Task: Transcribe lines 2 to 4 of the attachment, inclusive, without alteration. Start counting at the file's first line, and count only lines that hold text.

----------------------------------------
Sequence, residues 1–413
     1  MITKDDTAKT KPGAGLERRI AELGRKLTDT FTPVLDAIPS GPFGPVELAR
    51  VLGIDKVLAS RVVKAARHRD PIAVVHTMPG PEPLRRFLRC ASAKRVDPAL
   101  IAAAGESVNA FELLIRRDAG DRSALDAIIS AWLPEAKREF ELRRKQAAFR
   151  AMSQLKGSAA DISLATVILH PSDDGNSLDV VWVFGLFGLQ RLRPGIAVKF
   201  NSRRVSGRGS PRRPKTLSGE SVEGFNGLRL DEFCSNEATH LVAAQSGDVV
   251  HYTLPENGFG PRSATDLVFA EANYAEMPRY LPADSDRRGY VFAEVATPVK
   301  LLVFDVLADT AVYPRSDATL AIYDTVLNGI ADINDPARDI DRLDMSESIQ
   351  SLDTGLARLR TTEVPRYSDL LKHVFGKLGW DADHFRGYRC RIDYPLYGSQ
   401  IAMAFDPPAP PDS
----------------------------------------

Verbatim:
     1  MITKDDTAKT KPGAGLERRI AELGRKLTDT FTPVLDAIPS GPFGPVELAR
    51  VLGIDKVLAS RVVKAARHRD PIAVVHTMPG PEPLRRFLRC ASAKRVDPAL
   101  IAAAGESVNA FELLIRRDAG DRSALDAIIS AWLPEAKREF ELRRKQAAFR